14. never put your jigs or lures away wet. use your heater to dry them off first.

    15. if you like night fishing come up with a light sytem. i have no pics of any of the light system i installed but i have LED rope lights on the two shanty frame poles that cross over the fishing area. they both plug into a 12v 5.5 ah battery that is bound in the left forward corner of the shanty in the support bracket. the lights were installed using clear masking tape and the lights are aimed at the fishing area. the cord from the lights to the battery is removable and it wraps up and stows under the seat. i made a bungee strap that wraps around the battery and holds it in place. i bought two batteries from nature vision for twenty bucks. they are about half the size of a vex battery and should last for about 15 hours on a charge. on top of that i have a coleman lantern with rechargeable batteries. this hangs behind me in the right back corner. this somes out for unpacking and then at the truck i set it on the truck to light up the area. lastly i have a led headlamp for spotlighting for tying jigs, etc.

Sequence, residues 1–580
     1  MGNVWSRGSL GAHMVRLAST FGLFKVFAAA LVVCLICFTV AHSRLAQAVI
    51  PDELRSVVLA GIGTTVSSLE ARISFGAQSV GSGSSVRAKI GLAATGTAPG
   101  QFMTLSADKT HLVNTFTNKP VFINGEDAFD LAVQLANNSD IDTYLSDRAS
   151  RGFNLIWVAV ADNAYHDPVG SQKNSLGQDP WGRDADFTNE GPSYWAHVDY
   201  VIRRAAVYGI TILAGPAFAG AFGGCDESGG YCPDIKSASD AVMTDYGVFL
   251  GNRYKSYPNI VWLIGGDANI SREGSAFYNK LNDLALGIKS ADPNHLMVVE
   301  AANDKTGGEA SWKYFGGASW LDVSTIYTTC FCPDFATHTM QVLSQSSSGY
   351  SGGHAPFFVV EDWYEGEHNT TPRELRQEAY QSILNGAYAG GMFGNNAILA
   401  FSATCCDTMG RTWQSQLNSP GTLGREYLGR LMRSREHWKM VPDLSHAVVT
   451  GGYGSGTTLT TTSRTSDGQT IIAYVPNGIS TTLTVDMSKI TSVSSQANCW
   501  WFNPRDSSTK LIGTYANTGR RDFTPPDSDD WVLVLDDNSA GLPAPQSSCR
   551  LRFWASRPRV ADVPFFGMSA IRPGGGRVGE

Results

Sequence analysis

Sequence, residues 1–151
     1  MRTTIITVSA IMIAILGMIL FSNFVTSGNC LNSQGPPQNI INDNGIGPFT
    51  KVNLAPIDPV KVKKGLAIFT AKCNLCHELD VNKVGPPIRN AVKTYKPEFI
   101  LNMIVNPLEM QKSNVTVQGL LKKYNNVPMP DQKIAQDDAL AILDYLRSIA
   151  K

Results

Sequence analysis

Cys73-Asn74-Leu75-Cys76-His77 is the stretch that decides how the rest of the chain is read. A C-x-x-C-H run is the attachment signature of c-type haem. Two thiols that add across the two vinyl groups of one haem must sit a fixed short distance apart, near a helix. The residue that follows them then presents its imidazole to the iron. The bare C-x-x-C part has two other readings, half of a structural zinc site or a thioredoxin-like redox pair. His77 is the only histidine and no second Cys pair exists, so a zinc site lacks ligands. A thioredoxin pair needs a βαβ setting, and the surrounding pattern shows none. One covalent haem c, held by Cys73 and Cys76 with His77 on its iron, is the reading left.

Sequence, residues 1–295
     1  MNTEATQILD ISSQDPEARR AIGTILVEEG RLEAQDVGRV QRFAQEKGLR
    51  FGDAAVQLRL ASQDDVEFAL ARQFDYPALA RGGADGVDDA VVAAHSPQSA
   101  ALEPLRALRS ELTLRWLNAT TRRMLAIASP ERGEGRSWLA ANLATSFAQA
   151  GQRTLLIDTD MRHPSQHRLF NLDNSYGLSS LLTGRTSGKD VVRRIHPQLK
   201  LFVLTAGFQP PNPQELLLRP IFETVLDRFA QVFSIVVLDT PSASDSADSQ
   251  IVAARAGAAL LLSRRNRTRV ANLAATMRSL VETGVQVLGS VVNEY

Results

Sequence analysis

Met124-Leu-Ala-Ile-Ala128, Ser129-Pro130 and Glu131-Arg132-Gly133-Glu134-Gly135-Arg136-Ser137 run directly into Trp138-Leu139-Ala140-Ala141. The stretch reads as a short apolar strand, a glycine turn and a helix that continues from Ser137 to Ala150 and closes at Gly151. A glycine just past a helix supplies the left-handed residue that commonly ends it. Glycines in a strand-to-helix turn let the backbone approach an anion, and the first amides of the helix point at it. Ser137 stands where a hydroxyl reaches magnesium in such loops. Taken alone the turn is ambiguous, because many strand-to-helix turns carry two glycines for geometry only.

16. either keep your auger 10' away from your hands or keep the cover on. i nearly destroyed my left hand once. all that happened was the auger "rolled" over and grazed my hand. take it from me auger blade vs. flesh is no contest.
    Saugeyefisher likes this.
  18. I wish they made plastic and aluminum magnets ever notice that every thing you drop goes in the hole ,,,but you can't drop a fish in the hole ,,,and the ones you want to keep fall off the hook or break your line with your only lure fall right in the hole
    Saugeyefisher likes this.
  19. If you have a hand auger I suggest to invest in a adapter for your cordless drill.Go to you can get about 30 holes drilled.Don't use acheap drill.Trust me I learned that last year.The adapter that attaches to the cheap drill slips when drilling.They about 25bucks.
  20. Its already been said to keep your wax worms in your pocket to keep them warm so they dont die. Somehow i always manage to smash or break or not put the lid tightly enough back on the plastic container and end up with a pocket full of worms and saw dust. To solve this problem i took a altoid mint tin and poked a few small air holes in the top. The mint tin does not smash or break. and it makes it easier to get a worm out. and easier to put in your pocket. i have also herd that a old chewing tobacco can works well for this too.